Robinson, playing center for the first time, has gone to school on his experiences back on Oct. 21.
"I had about 30 plays and said that night after the game it's those couple two or three bad plays that stick out in your mind," he says. "It feels good to be able to look back and see where I was and watch the more recent games and be able to say I've made the progress I needed to make."
After that night, Green-Ellis was averaging 3.3 yards per carry. It's been 4.7 since and Robinson has been a factor in The Law Firm's four 100-yard games in the last five weeks. Against the beefy fronts of Oakland and San Diego, Green-Ellis found room for 129 and 118 yards, respectively.
Of course, the Steelers don't hand out 100-yard games. This year Pittsburgh has held 10 teams to less than 100 yards rushing and the last Bengal do it individually was Rudi Johnson way back in Ben Roethlisberger's first start against the Bengals on Oct. 3, 2004 in a Steelers win at Heinz.
A big reason is Hampton.
"You have to be fundamentally sound," Robinson says. "That's kind of what I found out last time. If you are overextended, if you lean, if you have a narrow base he's a big strong guy that's been around for a long time and is going to feel that and make you pay for it. It is all about using your technique and having a good base. Obviously he's a big, strong guy so you just have to play with good leverage.
"I've learned it's more about what I do (in the matchups). If I can work the techniques that Coach Alexander teaches and do the things I'm supposed to do it tends to work out how it is supposed to."
Cook's first two starts against the Steelers in '09 were Bengals wins, but the last two outings at Heinz have been tough on the ground: 138 yards on 38 carries.
“He’s big, strong, smart, veteran," Cook says of Hampton. "He does a lot of things right to be in the league for 12 years.”
When Cook is on the field Sunday, the Bengals know they have their own heady veteran familiar with LeBeau.
"He is who he is. He doesn’t change for a lot of people. That’s his defense," Cook says. "Playing it and being around it you know some things, kind of like he knows some things about us. It goes both ways but playing against it that many times not only in scheme but in personnel.”
Talk about knowing LeBeau. Alexander, in his 19th year with the Bengals and 18th as the line coach, says this is his 45th game against Pittsburgh. But LeBeau can still catch offenses even though they pretty much have an idea what he's all about.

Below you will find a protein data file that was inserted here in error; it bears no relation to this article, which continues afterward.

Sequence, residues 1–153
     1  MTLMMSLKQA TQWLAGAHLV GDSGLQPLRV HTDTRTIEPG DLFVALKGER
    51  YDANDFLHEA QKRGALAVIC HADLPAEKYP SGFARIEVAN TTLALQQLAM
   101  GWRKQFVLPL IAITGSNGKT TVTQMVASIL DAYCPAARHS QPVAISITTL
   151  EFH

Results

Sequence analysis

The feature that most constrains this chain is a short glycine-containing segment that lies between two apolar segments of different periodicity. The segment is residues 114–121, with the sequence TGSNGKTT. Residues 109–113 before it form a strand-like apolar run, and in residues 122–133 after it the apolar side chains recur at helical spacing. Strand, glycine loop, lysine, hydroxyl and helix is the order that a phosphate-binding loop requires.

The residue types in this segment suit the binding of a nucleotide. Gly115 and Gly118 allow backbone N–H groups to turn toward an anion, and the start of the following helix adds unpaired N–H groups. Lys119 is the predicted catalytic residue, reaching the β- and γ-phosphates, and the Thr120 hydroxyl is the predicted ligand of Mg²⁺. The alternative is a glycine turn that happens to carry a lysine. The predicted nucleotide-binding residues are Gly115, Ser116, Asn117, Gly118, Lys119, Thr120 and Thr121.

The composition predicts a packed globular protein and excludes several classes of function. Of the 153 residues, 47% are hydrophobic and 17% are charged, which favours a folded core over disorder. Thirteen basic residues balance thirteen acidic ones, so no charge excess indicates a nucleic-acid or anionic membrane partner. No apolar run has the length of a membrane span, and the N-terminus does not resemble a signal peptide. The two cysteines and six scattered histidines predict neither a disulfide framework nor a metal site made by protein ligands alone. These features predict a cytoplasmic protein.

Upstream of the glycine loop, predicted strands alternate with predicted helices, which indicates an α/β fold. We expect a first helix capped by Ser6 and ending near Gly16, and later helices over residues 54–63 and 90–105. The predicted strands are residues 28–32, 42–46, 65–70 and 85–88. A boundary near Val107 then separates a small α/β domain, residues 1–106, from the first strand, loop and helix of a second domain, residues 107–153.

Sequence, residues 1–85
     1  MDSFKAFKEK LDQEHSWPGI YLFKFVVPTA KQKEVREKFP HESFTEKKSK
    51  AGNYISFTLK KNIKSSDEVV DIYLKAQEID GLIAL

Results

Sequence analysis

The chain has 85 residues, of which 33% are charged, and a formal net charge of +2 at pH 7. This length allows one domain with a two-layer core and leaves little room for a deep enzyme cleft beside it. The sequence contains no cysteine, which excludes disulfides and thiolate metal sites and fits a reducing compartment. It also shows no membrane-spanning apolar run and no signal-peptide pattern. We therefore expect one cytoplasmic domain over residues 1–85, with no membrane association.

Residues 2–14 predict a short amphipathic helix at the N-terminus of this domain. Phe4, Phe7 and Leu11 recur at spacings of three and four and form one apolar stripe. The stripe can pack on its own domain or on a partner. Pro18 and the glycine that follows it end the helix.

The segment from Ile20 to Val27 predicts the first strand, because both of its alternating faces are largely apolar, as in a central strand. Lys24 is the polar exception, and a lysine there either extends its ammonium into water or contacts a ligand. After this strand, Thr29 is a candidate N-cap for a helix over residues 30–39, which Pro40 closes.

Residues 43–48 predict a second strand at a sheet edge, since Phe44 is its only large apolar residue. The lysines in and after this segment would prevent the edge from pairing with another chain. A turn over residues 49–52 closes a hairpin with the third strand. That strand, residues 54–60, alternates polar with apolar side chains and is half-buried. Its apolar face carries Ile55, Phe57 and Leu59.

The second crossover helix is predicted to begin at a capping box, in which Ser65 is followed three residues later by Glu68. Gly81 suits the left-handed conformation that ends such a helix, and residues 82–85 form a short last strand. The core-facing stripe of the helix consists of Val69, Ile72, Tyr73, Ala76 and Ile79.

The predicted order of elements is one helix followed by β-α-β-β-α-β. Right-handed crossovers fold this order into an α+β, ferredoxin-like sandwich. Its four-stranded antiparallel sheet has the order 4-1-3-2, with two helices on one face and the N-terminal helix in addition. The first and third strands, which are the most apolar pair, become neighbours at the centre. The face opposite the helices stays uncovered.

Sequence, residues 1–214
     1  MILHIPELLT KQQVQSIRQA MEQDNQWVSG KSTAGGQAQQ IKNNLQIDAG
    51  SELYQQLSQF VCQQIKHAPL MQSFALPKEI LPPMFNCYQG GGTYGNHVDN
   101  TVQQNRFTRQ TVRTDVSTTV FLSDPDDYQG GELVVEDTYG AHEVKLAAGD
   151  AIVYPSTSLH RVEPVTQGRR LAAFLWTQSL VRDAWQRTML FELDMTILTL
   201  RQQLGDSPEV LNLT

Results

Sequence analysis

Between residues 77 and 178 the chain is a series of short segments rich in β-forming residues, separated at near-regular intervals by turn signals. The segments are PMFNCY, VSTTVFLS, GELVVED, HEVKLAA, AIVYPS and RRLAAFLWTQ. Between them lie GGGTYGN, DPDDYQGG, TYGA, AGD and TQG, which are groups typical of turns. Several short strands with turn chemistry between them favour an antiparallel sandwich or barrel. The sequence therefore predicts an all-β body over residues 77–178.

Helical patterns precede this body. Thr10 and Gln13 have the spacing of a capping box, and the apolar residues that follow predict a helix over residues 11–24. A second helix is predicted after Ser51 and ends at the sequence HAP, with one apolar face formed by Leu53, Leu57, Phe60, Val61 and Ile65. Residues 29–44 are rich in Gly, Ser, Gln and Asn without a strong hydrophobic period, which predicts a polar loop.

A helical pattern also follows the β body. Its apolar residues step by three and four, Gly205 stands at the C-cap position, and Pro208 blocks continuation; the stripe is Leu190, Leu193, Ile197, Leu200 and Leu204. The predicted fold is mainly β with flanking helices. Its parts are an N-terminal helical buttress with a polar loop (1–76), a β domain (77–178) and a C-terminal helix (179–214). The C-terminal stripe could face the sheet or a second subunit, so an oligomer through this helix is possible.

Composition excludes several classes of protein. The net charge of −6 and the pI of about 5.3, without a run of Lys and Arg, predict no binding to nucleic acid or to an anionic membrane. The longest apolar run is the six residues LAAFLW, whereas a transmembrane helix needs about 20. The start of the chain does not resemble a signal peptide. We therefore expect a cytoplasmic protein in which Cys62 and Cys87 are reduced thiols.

"I think they execute so well and play so hard and play so sound and are coached so well," Alexander says. "They take pride in their defense. That's what they're going to play. They're not going to play a wide tackle 6."
Hampton won't always be on the field. He played 51 percent of the snaps last week in Dallas and Lapham says, "I didn't see Hampton disrupt Dallas that much. I thought their center did a good job. There are ways you can get him off the field by formation or going up-tempo. You don't have to just throw out of no-huddle.
"Hampton is hard to move. He takes up space and is strong. That's what he does."
The Bengals formations are going to be a bit of a mystery. They don't have their lead fullback,
"After how the Bengals had trouble with those super stunts against the Eagles last week, they have to make sure they get that right," Lapham says. "That looked like it was a Twister party and if they think that was problem at Philadelphia, Dick LeBeau is going to extend that problem. He'll be twisting everybody, linebackers, you name it."
But Lapham also thinks the Bengals have two good centers for this upcoming chess match.
"I thought Kyle played a better game at Philadelphia; he had his legs under him," Lapham says. "He's coming off a really tough injury. And I think the fact the game at Philadelphia and this one in Pittsburgh are both on grass really helps coming off an injury like that."